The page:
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USPTO May Not Deny Trademark Registration Even if Mark is “Scandalous” or “Immoral”

In Iancu v. Brunetti, June 24, 2019, the U.S. Supreme Court dealt with a clothing manufacturer, who under the guise of seeking to thwart counterfeiters of its product, sought registration before the U.S. Patent & Trademark Office (USPTO) of its logo FUCT on its tee shirts. The Court affirmed a lower federal court’s ruling that the USPTO may not refuse registration of a mark containing the “F” word or similar four-letter “cuss” words on a “viewpoint basis;” i.e., that such mar

Domain Name Cornucopia of Riches: A $30 Million Voice

MicroStrategy, an analytics and software services company headquartered in Fairfax County, Virginia, recently announced the sale of one of its domain names, “Voice.com,” for use as a blockchain-based social media app. The sales price was $30,000,000.00 in an all-cash transaction. (That’s correct – Thirty Million Dollars!) Block.one purchased this domain name and has commenced using it to drive views and potential customers to its website and social media application. MicroStr

Who’s Tom Terrific? Trademark Controversy Pitches Football a Strike against Baseball

The latest high profile trademark controversy involves two iconic sports figures – Hall of Fame baseball pitcher Tom Seaver and New England Patriots football quarterback Tom Brady. Tom Brady’s sports management company recently filed two trademark applications to register with the U.S. Patent & Trademark Office (USPTO) “Tom Terrific.” While the applications are filed in two separate International Classes – one for trading cards and the like, and the other for tee shirts and w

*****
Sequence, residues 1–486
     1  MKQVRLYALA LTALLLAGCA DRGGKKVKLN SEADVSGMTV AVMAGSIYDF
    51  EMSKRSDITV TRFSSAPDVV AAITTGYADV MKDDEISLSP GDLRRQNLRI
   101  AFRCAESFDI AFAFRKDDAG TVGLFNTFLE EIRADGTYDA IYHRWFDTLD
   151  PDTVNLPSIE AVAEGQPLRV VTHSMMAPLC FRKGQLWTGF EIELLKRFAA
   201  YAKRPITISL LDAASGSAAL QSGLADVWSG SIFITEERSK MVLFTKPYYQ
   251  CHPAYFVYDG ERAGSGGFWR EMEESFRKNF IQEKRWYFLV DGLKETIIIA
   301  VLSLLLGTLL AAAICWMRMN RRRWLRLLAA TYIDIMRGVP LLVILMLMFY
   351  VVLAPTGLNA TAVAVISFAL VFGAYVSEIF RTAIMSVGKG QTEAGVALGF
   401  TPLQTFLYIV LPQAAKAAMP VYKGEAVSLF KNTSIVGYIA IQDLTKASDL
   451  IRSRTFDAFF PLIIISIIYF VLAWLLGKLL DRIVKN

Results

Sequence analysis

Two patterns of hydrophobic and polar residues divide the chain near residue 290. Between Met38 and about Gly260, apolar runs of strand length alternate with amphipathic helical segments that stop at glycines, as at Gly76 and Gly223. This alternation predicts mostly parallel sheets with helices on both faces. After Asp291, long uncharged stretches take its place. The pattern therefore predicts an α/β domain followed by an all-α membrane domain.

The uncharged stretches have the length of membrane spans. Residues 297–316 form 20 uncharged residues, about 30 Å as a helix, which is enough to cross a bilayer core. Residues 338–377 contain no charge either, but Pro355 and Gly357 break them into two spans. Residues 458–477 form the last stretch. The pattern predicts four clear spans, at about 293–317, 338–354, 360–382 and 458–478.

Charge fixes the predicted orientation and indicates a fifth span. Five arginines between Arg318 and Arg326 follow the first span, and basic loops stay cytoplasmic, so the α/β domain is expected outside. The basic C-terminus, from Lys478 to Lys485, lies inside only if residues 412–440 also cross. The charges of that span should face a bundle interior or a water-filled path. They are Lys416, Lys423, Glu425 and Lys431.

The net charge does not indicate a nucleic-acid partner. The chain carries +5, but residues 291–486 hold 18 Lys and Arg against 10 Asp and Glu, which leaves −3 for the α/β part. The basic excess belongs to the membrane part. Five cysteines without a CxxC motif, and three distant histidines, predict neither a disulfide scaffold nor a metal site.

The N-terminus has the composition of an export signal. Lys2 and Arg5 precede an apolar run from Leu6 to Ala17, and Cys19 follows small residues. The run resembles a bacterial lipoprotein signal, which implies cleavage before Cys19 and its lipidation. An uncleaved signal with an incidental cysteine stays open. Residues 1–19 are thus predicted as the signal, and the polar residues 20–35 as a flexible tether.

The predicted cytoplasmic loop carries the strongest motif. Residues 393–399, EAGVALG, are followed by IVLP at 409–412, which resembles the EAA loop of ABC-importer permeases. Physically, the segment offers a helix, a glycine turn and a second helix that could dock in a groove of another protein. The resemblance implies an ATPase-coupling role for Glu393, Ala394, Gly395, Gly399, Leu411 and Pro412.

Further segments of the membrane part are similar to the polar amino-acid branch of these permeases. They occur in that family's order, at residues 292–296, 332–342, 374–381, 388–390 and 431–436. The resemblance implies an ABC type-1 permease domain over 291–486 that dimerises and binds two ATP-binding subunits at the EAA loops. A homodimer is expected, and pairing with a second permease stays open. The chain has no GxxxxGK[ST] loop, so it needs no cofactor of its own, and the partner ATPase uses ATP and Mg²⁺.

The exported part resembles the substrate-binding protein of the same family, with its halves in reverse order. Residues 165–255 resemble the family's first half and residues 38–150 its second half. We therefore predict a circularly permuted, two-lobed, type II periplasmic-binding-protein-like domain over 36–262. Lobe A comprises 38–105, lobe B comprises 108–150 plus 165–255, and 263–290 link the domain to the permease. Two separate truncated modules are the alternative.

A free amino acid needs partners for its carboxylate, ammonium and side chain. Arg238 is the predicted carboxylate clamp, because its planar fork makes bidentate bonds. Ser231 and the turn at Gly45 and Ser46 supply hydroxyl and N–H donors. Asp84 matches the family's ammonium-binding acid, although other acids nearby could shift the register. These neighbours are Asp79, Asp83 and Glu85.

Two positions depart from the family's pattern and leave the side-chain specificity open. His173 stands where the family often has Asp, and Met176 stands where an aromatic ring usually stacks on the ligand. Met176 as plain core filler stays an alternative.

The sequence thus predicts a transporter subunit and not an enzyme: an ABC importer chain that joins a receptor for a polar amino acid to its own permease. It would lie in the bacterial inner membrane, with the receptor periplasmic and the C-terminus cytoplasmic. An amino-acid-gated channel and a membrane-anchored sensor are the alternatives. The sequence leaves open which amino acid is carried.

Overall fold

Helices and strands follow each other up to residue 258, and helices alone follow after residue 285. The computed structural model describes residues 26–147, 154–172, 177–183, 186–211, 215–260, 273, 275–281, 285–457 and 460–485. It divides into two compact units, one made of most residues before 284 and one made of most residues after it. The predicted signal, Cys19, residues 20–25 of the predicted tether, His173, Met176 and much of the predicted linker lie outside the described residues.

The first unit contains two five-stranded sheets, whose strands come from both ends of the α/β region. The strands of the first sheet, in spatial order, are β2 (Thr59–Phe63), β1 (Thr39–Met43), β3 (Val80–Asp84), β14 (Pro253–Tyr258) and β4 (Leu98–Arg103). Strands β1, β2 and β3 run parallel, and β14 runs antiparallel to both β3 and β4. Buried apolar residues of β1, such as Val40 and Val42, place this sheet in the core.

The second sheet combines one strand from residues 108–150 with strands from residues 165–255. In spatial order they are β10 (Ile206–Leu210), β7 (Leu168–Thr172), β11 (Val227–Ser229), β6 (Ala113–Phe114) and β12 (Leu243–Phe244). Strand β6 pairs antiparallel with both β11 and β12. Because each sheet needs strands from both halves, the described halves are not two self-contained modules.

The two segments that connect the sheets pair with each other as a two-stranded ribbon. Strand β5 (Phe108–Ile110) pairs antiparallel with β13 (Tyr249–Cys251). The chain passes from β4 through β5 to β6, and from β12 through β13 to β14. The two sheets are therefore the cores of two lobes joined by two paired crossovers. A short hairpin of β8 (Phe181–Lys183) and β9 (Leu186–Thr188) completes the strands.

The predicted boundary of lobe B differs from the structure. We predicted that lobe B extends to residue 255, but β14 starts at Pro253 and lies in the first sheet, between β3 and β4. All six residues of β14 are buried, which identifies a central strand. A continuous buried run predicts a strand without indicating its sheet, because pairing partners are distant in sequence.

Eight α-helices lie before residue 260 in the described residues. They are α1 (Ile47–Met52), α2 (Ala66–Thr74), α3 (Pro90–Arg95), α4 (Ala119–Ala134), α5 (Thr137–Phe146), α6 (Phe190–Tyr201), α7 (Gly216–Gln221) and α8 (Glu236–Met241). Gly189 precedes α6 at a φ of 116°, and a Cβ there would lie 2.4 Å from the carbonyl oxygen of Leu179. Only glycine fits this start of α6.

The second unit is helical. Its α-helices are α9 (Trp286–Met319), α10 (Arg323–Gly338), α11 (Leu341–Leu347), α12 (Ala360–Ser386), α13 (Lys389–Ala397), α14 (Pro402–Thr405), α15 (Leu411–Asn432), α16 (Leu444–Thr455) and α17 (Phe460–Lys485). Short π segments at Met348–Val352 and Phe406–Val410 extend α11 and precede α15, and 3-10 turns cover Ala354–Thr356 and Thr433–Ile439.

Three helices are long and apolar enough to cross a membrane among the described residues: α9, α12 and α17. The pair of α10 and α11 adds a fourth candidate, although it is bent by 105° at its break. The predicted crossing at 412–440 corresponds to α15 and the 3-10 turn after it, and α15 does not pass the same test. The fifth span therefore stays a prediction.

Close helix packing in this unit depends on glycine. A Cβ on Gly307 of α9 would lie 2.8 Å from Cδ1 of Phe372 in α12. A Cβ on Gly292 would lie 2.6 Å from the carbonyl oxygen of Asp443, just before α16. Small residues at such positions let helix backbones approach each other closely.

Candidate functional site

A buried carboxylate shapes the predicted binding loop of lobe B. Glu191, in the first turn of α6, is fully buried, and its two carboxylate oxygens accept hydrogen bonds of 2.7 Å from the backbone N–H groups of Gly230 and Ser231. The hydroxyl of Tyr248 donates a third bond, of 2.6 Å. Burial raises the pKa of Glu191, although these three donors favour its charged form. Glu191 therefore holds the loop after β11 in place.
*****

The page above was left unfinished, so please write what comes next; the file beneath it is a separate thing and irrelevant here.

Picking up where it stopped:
GPS Microchip Issues: Going Against the Grain?

Several high tech companies have designed Global Positioning System (GPS) tracking microchips the size of a grain of rice that can be implanted under the skin. The #biometric microchips are being tested on volunteer employees and consumers. By John Pellegrin, August 2018 Originally designed to allow employees to gain access to restricted research/work sites and purchase items from company vending machines with just a swipe of an arm or hand, as well as for avant garde consume